The Didymoteicho Fortress is an ancient and medieval hilltop citadel complex. It has been an important landmark since ancient times due to the strong fortification surrounding it. The castle is accompanied by several myths, one of the most famous is that of the Forty Arches, and is where Charles XII, King of Sweden, is said to have been imprisoned by the Turks. Located on the hilltop, strategically placed, due in-part to ...
Founded: 6th century AD | Location: Didymoteicho, Greece

Tilos Castle

The Medieval Castle of Tilos is located to the north of Megalo Chorio, the capital village of the island. Built atop a hill by the Knights of Saint John, during the late Byzantine period, this medieval castle offers spectacular views across the bay of Agios Antonios and a late-afternoon visit probably offers one of the best sunsets on the island. The church of Archangel Michael was built within the castle complex in the p ...
Founded: 14th century | Location: Tilos, Greece

Featured Historic Landmarks, Sites & Buildings

Historic Site of the week

Saint-Eustache

The Church of St Eustace was built between 1532-1632. St Eustace"s is considered a masterpiece of late Gothic architecture. The church’s reputation was strong enough of the time for it to be chosen as the location for a young Louis XIV to receive communion. Mozart also chose the sanctuary as the location for his mother’s funeral. Among those baptised here as children were Richelieu, Jeanne-Antoinette Poisson, future Madame de Pompadour and Molière, who was also married here in the 17th century. The last rites for Anne of Austria, Turenne and Mirabeau were pronounced within its walls. Marie de Gournay is buried there.

The origins of Saint Eustache date back to 13th century. The church became a parish church in 1223, thanks to a man named Jean Alais who achieved this by taxing the baskets of fish sold nearby, as granted by King Philip Augustus. To thank such divine generosity, Alais constructed a chapel dedicated to Sainte-Agnès, a Roman martyr. The construction of the current church began in 1532, the work not being finally completed until 1637. The name of the church refers to Saint Eustace, a Roman general of the second century AD who was burned, along with his family, for converting to Christianity, and it is believed that it was the transfer of a relic of Saint Eustache from the Abbey to Saint-Denis to the Church of Saint Eustache which resulted in its naming. Jeanne Baptiste d"Albert de Luynes was baptised here.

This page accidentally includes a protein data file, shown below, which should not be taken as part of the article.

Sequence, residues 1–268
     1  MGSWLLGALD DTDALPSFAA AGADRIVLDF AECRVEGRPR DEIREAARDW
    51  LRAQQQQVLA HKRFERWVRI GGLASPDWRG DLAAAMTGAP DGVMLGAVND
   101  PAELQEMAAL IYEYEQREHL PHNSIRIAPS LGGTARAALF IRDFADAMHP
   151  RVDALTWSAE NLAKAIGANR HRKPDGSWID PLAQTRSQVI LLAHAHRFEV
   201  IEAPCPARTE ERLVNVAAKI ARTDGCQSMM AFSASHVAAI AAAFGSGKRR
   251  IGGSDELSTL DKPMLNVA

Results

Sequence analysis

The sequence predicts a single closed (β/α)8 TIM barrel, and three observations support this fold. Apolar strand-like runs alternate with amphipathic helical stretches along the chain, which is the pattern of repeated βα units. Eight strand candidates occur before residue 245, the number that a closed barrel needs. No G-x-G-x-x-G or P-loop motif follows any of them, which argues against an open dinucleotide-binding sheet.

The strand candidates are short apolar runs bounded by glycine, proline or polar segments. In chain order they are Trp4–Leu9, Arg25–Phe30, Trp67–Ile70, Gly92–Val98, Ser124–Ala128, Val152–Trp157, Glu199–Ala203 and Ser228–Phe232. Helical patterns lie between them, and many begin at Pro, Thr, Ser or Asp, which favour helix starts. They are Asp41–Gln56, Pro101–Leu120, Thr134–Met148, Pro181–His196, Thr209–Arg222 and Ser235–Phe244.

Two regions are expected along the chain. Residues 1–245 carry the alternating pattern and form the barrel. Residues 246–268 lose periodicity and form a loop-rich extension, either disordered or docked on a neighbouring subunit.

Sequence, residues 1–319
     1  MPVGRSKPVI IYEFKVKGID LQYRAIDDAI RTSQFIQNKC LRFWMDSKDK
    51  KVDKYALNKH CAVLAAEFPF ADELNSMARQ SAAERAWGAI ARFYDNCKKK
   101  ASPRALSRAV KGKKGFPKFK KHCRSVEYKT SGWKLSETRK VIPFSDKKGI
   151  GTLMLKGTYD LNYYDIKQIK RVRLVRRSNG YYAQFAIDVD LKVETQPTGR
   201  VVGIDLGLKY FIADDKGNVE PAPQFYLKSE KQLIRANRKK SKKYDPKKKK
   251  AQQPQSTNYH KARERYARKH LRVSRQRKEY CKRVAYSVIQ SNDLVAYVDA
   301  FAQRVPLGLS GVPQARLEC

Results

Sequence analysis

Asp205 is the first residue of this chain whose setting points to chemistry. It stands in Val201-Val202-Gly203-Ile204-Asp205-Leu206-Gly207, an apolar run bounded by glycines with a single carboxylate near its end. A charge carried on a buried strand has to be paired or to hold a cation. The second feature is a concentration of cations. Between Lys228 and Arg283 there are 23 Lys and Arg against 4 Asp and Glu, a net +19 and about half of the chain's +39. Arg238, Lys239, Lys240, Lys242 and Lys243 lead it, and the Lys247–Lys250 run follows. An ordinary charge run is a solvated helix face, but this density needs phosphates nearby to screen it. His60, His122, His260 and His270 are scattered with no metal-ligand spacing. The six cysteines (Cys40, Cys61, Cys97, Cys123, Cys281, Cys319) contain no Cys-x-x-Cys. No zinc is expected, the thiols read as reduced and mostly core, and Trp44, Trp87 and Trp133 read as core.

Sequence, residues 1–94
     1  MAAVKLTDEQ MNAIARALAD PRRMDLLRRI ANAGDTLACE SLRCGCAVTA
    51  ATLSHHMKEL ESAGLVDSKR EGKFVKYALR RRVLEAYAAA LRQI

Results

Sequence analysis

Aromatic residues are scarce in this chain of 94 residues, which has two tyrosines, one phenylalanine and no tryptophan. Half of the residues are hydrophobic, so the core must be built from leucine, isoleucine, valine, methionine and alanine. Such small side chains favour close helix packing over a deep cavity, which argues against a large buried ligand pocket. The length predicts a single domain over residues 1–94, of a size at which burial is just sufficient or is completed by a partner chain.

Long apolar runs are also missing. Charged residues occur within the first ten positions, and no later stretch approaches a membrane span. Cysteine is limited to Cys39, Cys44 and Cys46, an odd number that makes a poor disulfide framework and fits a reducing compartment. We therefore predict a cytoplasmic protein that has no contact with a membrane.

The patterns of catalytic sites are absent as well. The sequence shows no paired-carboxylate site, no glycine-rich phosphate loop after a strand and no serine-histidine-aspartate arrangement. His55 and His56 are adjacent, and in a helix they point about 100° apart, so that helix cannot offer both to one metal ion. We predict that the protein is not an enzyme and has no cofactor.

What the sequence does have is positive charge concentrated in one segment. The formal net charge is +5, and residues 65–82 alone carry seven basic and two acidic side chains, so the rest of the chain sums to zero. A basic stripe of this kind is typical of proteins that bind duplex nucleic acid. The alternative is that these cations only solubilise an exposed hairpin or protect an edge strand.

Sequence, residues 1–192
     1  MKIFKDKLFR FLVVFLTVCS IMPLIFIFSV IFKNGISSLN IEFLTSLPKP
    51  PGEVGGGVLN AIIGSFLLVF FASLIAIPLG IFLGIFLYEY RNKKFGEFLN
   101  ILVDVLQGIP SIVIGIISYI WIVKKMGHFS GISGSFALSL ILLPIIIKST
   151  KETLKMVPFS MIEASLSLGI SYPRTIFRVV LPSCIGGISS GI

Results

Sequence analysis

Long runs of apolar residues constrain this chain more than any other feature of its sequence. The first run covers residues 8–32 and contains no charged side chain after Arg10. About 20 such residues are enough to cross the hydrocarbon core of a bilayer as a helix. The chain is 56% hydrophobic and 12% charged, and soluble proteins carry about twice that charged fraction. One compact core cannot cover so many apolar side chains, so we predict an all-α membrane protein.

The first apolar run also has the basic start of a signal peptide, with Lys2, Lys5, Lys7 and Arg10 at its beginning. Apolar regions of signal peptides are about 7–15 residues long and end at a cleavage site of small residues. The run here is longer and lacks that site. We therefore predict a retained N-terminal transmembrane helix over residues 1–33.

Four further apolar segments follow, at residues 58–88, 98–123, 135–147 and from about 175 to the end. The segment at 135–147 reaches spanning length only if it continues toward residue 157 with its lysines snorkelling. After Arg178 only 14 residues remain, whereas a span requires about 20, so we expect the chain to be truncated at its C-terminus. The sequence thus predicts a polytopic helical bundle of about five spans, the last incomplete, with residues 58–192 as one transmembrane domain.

According to tourist literature on-site, during the French Revolution the church, like most churches in Paris, was desecrated, looted, and used for a time as a barn. The church was restored after the Revolution had run its course and remains in use today. Several impressive paintings by Rubens remain in the church today. Each summer, organ concerts commemorate the premieres of Berlioz’s Te Deum and Liszt’s Christus here in 1886.

The church is an example of a Gothic structure clothed in Renaissance detail. The church is relatively short in length at 105m, but its interior is 33.45m high to the vaulting. At the main façade, the left tower has been completed in Renaissance style, while the right tower remains a stump. The front and rear aspects provide a remarkable contrast between the comparatively sober classical front and the exuberant rear, which integrates Gothic forms and organization with Classical details. The L"écoute sculpture by Henri de Miller appears outside the church, to the south. A Keith Haring sculpture stands in a chapel of the church.

The Chapel of the Virgin was built in 1640 and restored from 1801 to 1804. It was inaugurated by Pius VII on the 22nd of December, 1804 when he came to Paris for the coronation of Napoleon. The apse chapel, with a ribbed cul-de-four vault, has at its centre a sculpture of the Virgin and Child of Jean-Baptiste Pigalle that the painter Thomas Couture highlighted by three large paintings.

With 8,000 pipes, the organ is reputed to be the largest pipe organ in France, surpassing the organs of Saint Sulpice and Notre Dame de Paris. The organ originally constructed by P.-A. Ducroquet was powerful enough for the premiere of Hector Berlioz" titanic Te Deum to be performed at St-Eustache in 1855.